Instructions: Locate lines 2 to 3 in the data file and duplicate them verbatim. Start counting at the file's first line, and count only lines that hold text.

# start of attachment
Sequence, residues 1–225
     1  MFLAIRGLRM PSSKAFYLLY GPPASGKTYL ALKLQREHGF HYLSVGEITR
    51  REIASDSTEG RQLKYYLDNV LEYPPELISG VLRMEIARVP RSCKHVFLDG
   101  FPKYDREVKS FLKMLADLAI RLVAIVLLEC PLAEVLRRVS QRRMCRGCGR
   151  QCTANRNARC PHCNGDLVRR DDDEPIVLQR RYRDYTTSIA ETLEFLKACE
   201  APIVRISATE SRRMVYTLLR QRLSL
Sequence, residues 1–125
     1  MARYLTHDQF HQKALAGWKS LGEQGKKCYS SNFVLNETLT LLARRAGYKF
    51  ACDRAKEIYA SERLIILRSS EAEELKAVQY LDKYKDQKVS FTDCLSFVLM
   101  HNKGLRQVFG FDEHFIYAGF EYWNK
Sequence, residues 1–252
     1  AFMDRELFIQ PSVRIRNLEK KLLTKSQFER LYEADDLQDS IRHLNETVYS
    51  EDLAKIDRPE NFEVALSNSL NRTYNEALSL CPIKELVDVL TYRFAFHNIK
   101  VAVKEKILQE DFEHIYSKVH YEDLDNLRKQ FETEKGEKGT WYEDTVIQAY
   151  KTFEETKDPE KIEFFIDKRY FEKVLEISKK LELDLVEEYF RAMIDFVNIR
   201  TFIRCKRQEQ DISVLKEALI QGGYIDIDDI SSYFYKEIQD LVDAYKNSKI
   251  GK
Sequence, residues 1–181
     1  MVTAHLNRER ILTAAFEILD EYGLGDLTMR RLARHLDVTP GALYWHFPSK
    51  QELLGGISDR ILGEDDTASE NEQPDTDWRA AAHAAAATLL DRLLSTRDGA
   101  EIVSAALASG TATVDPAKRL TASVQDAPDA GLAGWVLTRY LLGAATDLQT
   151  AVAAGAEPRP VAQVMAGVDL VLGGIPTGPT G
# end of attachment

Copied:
     1  MFLAIRGLRM PSSKAFYLLY GPPASGKTYL ALKLQREHGF HYLSVGEITR
    51  REIASDSTEG RQLKYYLDNV LEYPPELISG VLRMEIARVP RSCKHVFLDG